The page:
What it is:
Leasehold improvements make assets more useable and, in many cases, more marketable. Sometimes,
Leasehold improvements are often assets that the records on its balance sheet. Because they are assets, leasehold improvements usually depreciate. Usually, the lessee is responsible for maintaining leasehold improvements once they are in place.
How it works/Example:
For example, let's say Company XYZ is a restaurant company. It leases some space from a landlord who owns a strip mall. In order to make the space into a restaurant, Company XYZ has to add a few walls to the leased space, paint the place, install custom light fixtures, install a bar, install some changes to the plumbing, and install a walk-in freezer in the back. These changes are leasehold improvements.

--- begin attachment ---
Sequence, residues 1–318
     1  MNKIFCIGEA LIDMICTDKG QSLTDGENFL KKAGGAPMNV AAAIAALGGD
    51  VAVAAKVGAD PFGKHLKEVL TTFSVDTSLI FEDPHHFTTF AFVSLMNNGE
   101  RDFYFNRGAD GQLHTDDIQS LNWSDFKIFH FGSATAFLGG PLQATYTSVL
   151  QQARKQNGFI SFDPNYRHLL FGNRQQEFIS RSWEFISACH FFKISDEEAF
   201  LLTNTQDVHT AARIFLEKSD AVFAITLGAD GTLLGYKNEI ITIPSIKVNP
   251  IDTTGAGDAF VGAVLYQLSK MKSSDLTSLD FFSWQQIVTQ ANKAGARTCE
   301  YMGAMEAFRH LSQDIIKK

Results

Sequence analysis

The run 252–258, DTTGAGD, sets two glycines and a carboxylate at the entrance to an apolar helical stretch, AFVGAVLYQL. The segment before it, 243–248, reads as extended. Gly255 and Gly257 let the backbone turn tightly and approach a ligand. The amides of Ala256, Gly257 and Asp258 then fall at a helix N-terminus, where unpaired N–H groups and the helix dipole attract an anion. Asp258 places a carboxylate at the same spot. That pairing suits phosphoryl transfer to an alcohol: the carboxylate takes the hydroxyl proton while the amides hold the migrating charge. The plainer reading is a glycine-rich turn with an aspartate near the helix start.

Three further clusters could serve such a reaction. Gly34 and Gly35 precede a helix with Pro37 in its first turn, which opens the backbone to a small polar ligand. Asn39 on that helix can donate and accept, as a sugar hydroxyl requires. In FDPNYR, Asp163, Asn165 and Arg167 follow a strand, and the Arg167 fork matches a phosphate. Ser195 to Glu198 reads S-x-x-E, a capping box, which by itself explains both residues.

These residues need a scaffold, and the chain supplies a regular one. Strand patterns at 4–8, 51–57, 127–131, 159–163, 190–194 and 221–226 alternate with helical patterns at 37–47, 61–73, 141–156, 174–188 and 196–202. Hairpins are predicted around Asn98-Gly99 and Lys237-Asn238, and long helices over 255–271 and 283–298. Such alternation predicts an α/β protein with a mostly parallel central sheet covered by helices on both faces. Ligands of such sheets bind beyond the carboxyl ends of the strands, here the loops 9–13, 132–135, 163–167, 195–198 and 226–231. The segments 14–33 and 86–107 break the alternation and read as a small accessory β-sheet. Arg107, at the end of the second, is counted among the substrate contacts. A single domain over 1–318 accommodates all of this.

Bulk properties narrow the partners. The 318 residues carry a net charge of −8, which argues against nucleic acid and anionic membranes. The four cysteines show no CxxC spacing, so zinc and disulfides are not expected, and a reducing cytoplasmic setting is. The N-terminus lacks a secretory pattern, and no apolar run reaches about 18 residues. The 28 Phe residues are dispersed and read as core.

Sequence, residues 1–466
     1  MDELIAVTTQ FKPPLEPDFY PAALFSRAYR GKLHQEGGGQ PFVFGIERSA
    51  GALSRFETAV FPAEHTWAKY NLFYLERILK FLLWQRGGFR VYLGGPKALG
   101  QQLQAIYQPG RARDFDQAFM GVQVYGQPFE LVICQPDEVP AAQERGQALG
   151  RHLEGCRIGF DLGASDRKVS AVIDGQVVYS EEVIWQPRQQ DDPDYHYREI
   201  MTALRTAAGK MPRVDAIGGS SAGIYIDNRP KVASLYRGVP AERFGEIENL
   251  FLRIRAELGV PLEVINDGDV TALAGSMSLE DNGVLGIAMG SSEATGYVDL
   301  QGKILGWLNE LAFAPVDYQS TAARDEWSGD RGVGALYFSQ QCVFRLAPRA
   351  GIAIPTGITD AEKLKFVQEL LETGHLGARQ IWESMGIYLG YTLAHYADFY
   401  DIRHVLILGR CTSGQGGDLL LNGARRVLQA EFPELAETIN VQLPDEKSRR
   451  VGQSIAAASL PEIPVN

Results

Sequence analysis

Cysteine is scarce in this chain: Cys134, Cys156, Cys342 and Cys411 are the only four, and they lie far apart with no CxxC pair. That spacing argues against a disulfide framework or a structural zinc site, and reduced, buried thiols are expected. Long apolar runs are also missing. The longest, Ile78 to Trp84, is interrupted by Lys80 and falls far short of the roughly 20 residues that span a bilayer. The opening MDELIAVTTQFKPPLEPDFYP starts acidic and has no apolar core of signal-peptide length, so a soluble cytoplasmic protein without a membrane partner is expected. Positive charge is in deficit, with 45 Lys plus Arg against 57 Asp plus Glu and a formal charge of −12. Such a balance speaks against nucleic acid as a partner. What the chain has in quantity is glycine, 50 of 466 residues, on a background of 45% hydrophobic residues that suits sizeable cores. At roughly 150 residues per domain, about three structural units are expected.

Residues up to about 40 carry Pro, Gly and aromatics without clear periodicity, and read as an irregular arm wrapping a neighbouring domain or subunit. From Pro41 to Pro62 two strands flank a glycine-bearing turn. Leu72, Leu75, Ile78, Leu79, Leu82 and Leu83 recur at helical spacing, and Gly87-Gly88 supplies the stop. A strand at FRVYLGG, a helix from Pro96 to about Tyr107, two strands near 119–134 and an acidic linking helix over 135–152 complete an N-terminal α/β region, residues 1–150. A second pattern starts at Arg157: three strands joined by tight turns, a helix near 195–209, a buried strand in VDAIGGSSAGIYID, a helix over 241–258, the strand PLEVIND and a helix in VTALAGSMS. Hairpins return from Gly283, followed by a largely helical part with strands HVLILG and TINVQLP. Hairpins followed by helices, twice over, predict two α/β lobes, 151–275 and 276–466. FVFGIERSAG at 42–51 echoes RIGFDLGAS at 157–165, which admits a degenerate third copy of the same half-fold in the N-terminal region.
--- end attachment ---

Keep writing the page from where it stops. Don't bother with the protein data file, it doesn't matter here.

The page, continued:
Leasehold improvements, as you can imagine, span a wide range. They can be new walls and windows, new flooring, additional parts or features on a machine, paint, or equipment that is attached to the structure. Landscaping can even count. If the item can easily be removed from the premises, however, it usually doesn't count as a leasehold improvement.